One more time and I’ll… One more time and I’ll… One more time and I’ll…

My daughter Olivia just turned 3 years old.

Usually my wife takes her to her swimming class once a week, but Olivia was sick a couple of weeks ago so I took her along for her “make up class”.

(And no it’s not some kind of aqua-cosmetic thing in case you were wondering).

Anyhow after class had finished last week we were in line at the front counter waiting to be served. There was a family in front of us who was taking F-O-R-E-V-E-R…

I’m usually a pretty patient person, but I could feel myself getting older by the second.

The reason they were taking so long was because the 4 year old daughter in front of us was running the show. The father stood to the side completely tuned out, inattentive and not present. The mother fussed and buzzed around the daughter with weak attempts to get her to hurry up and make her selection (she was having trouble choosing a sticker – critically important stuff you know!).

“Come on Tiffany, please choose which one you want”, begged the mother.

Out of the corner of Tiffany’s eye she smirked and deliberately picked up 3 stickers.

“I said one sticker Tiffany. Put the others back and choose one”, requested Tiffany’s mother again.

The daughter put them back, and now picked up 2 others and then decided to pick some more items from the baskets at the front of the counter.

“Tiffany, put those back right now and choose one sticker!”, said her mother with a little more urgency.

This time Tiffany completely ignored her and continued to do her own thing.

“Tiffany, people are waiting. Choose a sticker now. I’m going to count to three…”, warned the busy-bee mother.

Tiffany continued to ignore and explore.

“One…. Two…. Three…”

Tiffany still did her own thing.

“Tiffany choose a sticker RIGHT NOW!”,  her mother demanded with an elevated voice.

Still no response from Tiffany. She just picked up more items, put some back, and continued to shop at her own will.

“Please Tiffany, choose one sticker. There are people waiting. You need to choose one sticker. Choose a sticker right now Tiffany”, begged the mother while pseudo dad zoned out.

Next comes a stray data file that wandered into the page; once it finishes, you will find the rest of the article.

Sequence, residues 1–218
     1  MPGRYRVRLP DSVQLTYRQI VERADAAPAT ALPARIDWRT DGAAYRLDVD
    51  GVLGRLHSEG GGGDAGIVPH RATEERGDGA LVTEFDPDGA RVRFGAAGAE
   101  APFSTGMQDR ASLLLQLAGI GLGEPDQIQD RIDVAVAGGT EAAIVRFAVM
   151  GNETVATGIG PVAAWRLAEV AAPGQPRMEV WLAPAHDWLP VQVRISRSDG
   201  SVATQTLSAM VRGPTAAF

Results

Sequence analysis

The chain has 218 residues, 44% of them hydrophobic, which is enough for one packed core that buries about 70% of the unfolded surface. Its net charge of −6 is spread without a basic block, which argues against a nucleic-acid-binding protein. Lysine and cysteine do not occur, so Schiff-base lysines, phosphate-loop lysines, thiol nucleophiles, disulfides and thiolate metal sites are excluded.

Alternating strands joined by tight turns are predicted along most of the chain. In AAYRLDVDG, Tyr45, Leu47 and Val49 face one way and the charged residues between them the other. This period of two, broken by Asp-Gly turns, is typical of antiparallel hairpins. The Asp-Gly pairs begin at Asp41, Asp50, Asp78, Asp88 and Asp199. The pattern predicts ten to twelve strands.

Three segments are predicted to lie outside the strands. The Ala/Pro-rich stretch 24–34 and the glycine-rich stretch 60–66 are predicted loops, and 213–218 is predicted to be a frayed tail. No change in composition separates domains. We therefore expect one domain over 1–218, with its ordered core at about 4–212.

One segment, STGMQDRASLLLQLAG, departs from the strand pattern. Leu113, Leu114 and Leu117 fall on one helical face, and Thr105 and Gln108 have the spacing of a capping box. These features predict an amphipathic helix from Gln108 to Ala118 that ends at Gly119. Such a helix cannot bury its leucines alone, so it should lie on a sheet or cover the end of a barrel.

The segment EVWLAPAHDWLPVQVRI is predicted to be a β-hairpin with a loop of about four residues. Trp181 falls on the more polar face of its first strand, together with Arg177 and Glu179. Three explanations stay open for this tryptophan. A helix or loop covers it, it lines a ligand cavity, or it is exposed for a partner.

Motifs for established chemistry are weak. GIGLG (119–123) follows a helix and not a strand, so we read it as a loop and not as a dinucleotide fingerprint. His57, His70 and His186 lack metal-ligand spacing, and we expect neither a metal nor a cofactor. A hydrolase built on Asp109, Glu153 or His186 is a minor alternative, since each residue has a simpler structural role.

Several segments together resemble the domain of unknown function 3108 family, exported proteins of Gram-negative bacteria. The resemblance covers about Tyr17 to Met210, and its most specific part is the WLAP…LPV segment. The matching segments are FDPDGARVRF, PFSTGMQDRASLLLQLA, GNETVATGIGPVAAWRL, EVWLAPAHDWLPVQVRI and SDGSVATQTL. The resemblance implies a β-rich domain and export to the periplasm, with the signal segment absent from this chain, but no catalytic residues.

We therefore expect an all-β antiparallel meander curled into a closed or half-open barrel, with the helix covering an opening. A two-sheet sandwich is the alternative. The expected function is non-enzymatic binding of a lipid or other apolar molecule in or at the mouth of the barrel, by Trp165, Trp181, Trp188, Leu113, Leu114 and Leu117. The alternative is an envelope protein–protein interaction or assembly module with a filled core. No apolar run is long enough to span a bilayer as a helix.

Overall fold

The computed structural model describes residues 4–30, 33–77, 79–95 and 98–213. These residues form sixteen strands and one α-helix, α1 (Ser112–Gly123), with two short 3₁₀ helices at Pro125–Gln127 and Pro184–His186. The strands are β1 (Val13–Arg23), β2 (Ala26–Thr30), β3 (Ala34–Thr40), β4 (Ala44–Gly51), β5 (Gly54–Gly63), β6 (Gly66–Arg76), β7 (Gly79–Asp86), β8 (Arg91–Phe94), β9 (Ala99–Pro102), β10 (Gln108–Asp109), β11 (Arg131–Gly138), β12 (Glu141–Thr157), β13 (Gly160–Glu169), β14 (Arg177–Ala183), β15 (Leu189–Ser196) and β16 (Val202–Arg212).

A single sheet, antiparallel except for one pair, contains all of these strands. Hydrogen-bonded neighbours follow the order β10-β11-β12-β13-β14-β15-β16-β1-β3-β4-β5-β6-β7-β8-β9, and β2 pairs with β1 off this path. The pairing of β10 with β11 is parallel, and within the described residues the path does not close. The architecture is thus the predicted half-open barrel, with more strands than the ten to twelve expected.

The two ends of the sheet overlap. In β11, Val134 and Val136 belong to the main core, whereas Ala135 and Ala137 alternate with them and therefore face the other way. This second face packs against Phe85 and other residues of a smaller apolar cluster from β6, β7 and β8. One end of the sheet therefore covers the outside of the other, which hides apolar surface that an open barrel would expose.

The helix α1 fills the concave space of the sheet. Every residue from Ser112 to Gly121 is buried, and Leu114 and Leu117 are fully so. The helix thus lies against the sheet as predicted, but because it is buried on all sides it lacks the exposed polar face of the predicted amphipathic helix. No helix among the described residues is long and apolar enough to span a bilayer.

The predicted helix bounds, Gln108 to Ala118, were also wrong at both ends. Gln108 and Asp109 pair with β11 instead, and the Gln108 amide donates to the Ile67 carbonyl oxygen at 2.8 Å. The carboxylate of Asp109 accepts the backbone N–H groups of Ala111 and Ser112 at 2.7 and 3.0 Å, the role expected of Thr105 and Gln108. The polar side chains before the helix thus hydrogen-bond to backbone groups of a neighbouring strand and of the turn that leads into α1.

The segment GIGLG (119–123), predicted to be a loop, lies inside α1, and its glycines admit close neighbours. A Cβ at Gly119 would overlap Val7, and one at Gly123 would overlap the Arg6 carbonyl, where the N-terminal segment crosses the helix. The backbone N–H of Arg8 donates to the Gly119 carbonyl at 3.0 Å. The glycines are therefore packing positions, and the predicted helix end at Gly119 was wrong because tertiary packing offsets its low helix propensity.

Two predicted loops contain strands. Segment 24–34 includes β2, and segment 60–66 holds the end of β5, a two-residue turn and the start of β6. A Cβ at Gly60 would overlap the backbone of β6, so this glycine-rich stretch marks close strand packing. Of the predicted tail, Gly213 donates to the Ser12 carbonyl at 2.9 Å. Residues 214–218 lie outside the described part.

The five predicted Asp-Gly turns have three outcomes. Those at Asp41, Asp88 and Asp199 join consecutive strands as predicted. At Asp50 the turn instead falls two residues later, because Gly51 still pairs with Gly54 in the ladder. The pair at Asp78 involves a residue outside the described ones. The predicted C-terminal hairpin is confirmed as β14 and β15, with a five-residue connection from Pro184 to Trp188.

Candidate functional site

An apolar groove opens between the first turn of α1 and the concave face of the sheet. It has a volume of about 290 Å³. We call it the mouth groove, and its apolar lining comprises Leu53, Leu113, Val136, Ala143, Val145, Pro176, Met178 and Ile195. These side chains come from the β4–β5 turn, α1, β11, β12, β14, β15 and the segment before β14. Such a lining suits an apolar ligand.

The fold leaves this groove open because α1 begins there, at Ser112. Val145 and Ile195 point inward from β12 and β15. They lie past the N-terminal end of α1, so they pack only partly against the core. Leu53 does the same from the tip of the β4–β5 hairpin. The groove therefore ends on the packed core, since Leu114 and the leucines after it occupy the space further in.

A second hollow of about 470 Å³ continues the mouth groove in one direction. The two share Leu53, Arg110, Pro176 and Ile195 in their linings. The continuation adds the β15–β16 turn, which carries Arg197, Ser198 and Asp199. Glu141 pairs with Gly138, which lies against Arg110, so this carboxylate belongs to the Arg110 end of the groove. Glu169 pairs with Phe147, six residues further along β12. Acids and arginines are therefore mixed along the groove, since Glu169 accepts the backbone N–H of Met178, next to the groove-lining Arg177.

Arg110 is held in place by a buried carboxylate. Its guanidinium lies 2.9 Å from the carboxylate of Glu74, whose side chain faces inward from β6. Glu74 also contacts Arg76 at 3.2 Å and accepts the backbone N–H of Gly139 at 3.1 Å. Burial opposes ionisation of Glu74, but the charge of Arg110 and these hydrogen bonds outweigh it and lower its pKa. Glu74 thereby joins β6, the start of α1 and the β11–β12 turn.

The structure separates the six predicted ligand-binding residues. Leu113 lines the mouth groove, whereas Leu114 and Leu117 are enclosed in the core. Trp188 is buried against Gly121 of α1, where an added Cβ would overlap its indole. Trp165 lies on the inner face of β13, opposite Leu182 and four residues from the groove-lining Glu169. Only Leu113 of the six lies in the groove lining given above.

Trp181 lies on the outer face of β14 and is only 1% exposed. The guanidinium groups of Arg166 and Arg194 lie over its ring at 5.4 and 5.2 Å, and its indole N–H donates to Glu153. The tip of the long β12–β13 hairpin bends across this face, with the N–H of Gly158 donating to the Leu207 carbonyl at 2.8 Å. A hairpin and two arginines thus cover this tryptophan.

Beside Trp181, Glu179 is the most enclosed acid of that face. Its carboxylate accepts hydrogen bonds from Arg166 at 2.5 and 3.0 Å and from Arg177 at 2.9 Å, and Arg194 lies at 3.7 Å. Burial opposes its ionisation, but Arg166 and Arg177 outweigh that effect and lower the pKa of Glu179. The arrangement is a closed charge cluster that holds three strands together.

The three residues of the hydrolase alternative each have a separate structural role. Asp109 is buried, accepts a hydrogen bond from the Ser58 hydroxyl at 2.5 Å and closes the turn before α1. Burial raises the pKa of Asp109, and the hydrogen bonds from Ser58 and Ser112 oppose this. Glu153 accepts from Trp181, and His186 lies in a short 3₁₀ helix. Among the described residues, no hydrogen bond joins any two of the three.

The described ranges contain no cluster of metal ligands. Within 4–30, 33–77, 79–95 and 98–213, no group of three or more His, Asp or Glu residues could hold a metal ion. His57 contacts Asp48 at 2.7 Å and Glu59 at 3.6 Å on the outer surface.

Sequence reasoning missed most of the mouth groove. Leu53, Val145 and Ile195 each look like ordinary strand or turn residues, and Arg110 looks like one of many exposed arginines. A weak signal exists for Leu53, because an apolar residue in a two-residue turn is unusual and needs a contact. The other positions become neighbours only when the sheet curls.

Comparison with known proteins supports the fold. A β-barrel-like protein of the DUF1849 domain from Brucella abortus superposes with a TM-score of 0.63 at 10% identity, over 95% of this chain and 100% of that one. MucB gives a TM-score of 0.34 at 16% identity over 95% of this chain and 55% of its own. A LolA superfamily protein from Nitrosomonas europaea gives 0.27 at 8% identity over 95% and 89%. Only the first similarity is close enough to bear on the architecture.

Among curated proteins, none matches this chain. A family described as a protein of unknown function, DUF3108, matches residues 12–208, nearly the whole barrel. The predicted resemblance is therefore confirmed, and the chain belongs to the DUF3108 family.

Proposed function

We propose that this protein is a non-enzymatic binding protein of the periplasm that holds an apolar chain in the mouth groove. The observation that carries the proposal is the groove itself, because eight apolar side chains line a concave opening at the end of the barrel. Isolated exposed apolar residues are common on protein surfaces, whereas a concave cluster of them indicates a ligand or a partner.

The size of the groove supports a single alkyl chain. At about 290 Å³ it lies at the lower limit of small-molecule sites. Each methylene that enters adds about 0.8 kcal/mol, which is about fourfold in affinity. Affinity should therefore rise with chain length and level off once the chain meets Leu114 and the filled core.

At this point I wondered if Tiffany was deaf. She continued to ignore her mother and do her own thing.

This whole process continued on for another couple of minutes, with plenty of “One more time and I’ll…” type warnings from her mother, however she never followed through.

Clearly Tiffany didn’t respect her parents or even acknowledge their presence. She knew they were there and she heard every word, but refused to comply. Clearly she hadn’t been taught to follow directions.

Finally the mother picked her up and Tiffany screamed like a banshee as she was carried from the premises.

Olivia looked at me and asked, “Why is that girl being naughty?”

The sad thing about this story is that there are sooo many kids without respect for their parents, teachers and in many martial arts schools, their sensei.

It’s important as teachers of our younger generation that we instill the foundations of respect in our students.

Start by enforcing rules and follow through on your warnings the first time. Avoid being a “One-more-time-and-I’ll” Sensei.

Secondly, never, ever, reward a child for attention-demanding behavior. Eg. Never coddle a child who is faking an injury, spontaneously crying in class, etc. Giving attention and coddling encourages more of the same. It only strengthens their belief that they should act poorly or cry for attention.